Using Vortex API logging to verify optimization

You can use Vortex API logging to find out how well you’ve optimized cursor usage. (We suggest you use VORTEX_API_LOGOPTS=TIME.) The final page of the log lists counts of Vortex API calls and indicates which operations reuse cursors.

In the following example, the EXEC2 count indicates that 100 EXEC statements reused cursors, and the OPENFETCH count indicates that 200 open statements reused cursors.

EXEC                5
EXEC2               100
OPEN                20
OPENFETCH           200

For best performance, each statement should have more operations that reuse cursors than operations that don’t.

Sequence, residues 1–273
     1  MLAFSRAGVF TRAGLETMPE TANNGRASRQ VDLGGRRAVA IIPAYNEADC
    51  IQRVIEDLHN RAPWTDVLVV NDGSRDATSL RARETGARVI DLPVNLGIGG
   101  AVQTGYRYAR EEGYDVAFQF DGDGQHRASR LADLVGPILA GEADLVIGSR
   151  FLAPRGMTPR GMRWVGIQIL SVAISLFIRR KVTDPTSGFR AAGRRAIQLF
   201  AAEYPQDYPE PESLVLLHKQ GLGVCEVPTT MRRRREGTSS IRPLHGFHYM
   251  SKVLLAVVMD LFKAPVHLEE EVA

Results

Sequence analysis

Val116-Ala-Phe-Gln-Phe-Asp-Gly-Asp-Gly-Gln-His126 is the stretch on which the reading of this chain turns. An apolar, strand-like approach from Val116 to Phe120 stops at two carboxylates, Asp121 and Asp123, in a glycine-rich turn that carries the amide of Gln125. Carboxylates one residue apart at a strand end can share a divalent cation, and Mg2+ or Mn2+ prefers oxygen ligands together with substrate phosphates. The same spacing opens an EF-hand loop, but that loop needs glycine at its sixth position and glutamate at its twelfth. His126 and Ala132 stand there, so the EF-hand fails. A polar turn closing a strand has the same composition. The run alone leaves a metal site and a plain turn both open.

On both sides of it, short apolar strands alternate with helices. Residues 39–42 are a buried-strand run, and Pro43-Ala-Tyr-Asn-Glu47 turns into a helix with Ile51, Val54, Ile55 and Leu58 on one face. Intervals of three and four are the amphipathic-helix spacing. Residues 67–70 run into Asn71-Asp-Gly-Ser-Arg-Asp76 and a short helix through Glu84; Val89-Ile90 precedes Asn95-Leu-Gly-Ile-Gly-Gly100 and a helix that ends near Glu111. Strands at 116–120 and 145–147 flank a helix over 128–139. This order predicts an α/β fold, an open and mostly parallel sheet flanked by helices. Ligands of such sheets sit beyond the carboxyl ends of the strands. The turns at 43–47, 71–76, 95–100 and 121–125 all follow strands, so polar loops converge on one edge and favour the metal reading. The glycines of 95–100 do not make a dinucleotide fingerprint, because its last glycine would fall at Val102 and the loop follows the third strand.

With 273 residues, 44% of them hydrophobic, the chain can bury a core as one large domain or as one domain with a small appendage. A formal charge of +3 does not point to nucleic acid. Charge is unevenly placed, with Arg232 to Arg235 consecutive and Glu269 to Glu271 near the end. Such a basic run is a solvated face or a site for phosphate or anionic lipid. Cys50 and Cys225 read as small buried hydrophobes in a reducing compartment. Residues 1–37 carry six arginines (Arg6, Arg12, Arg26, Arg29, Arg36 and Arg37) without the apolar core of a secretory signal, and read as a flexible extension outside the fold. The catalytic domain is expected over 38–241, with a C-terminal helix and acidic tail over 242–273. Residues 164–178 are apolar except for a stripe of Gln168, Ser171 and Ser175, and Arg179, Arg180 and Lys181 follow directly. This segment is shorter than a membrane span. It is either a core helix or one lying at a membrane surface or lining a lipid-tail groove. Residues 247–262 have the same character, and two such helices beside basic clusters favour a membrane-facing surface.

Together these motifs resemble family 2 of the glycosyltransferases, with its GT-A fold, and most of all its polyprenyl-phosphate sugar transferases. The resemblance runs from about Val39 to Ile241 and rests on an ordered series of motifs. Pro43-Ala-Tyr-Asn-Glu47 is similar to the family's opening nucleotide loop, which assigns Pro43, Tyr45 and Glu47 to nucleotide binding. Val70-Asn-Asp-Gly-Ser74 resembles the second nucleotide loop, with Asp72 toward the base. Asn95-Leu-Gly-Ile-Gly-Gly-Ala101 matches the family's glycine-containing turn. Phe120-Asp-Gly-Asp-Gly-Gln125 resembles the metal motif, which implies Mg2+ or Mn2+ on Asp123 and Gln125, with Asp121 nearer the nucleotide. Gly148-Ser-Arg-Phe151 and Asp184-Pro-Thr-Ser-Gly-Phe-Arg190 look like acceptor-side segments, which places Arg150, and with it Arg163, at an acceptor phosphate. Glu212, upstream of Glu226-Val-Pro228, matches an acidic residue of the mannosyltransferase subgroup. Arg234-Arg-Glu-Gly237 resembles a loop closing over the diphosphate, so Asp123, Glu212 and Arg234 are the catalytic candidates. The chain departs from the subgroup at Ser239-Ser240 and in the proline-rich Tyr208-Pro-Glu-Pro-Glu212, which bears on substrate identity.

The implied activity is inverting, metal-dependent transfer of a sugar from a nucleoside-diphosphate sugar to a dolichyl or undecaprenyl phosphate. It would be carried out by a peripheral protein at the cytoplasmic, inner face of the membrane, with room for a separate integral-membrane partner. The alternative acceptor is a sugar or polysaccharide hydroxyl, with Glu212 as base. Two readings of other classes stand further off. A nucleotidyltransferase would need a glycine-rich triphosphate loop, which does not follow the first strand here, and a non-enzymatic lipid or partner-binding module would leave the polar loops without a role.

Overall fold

Note that you can also use SSQLLOG (SQL Connection logging) to see if cursors are being opened and closed for a series of identical SELECT statements, where a single cursor with %SSC_SCLOSE (or no close at all) should be used.

Vortex host logging

Like Vortex API logging, Vortex host logging records SQL commands. But Vortex host logging logs these commands as they are passed from the SQL OpenNet server to the database driver. You can use this information to debug SQL statements and to verify optimization. (See Using Vortex API logging to verify optimization above for information.)

To use Vortex host logging, set one or more of the environment variables listed in the following table. Set these on the server.

Set…

To…

Explanation

VORTEX_HOST_LOGFILE

Filespec

Logs SQL commands as they are passed from SQL OpenNet to the database driver. If you set this without setting VORTEX_HOST_LOGOPTS, a list of operations along with a total count for each operation is recorded.